The Jesus-centered church is a church that affirms certain characteristics from its surrounding culture while still holding faithfully to the gospel. The purpose of contextualization is to glorify God by reaching sinners with the gospel of Christ. And every church executes some type of contextualization to this end.
But as we all know, good efforts and intentions are not enough. If there were ever any question about the sufficiency or insufficiency of good intentions, a cursory reading of church history reveals the truth. While it’s hard to detail all of the errors the Church has committed in its attempts to contextualize, the mistakes can rightfully be placed into two categories: over-contextualizing churches and under-contextualizing churches.
Over-contextualizing takes place when a church affirms so much of the culture around them that they compromise the message, thus losing the distinctive edge of the gospel of Jesus Christ.
So, for instance, a church that over-contextualizes will blend with the culture in a way that causes them to wander outside biblical boundaries. Gailyn Van Rheenen rightly describes this as syncretism:
Syncretism occurs when Christian leaders accommodate, either consciously or unconsciously, to the prevailing plausibility structures or worldviews of their culture. Syncretism, then, is the conscious or unconscious reshaping of Christian plausibility structures, beliefs, and practices through cultural accommodation so that they reflect those of the dominant culture. Or, stated in other terms, syncretism is the blending of Christian beliefs and practices with those of the dominant culture so that Christianity loses it distinctiveness and speaks with a voice reflective of its culture.
It could be argued that this is what has happened, by and large, in liberal churches. In these instances, enlightenment thinking eroded the biblical witness, and many churches said that it is unreasonable to believe in the supernatural. But when a culture rejects the supernatural, it rejects such things as the divine inspiration of Scripture, the miracles of Jesus, the resurrection, and more. When liberal churches adhere to these beliefs, they are over-contextualizing and falling victim to syncretism. They are compromising the truth to placate a people and thus losing the very power of the gospel. A right view of contextualization holds that the message is central, not the culture. Interestingly enough, the church often drifts into this compromise. Their heart to serve and love people is misguided by a failure to understand the scriptural reality of biblical love. In the end, however, their failure to hold on to certain biblical beliefs leads to the disappearance of the message. And without the message of Christ, there is no good news. If there is no good news, then the Creature of the Word is not formed.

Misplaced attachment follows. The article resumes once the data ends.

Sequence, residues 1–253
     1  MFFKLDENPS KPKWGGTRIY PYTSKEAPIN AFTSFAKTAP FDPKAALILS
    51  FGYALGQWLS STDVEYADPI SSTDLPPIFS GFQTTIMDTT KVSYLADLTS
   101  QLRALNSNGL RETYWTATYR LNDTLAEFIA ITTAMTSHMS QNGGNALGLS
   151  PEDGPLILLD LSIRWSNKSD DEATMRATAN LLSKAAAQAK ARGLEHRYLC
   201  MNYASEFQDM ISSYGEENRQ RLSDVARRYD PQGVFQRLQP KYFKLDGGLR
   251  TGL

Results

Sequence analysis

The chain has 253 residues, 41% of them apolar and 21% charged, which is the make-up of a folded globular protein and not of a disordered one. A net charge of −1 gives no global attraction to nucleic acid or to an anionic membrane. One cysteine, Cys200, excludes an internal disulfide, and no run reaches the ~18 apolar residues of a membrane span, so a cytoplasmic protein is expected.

Other examples of the Church over-contextualizing abound. For example, the recent cultural shift regarding homosexuality and marriage is making headway into the Church. Rather than maintaining biblical faithfulness and speaking lovingly into the culture in hopes of seeing the message of Jesus Christ redeem and transform, many churches have allowed the culture to hijack and define the biblical message. Again, this is a clear example of syncretism and overcontextualization. Certainly this is a delicate issue and one that will require humility and courage for the people of God, and thankfully, there are many faithful pastors who are not shirking their responsibility to engage with the grace and truth of Jesus.
To name another common example, we can look at contemporary American evangelicalism. Most Americans do not worship the gods of other religions. Instead, we worship comfort, control, power, or approval. We have an imbedded sense of entitlement. The culture goes to great lengths to build self-esteem and fuel an idolatrous look within to find strength, peace, and control. As you might imagine, the doctrine of original sin is offensive to this popular notion of self-esteem and the inherent goodness of people. So, some churches do not mention sin for fear it will turn off those they are trying to reach. The culture also says that we should get what we want when we want it. So, some churches proclaim a God who is akin to a genie in a bottle, simply waiting to grant our every wish and desire. In each of these instances, the church has forsaken their light and drifted into the shadows of compromise, thus losing the opportunity to rightly live out the command to be in the world, but not of it. When a church over-contextualizes, it isn’t merely “getting it wrong” (although it is definitely doing this). The over-contextualized church is altering the message of Jesus, thus perverting the Creator/Creature relationship. This deadly mistake has little to do with one’s intentions. Sadly, liberal theologians denied the divinity of Christ and the substitutionary atonement for the sake of their “evangelistic” and “missional” goals. These efforts, of course, denied the gospel and destroyed the evangelistic message. The Creature of the Word takes on the character and nature of her Creator and, subsequently, represents Him rightly.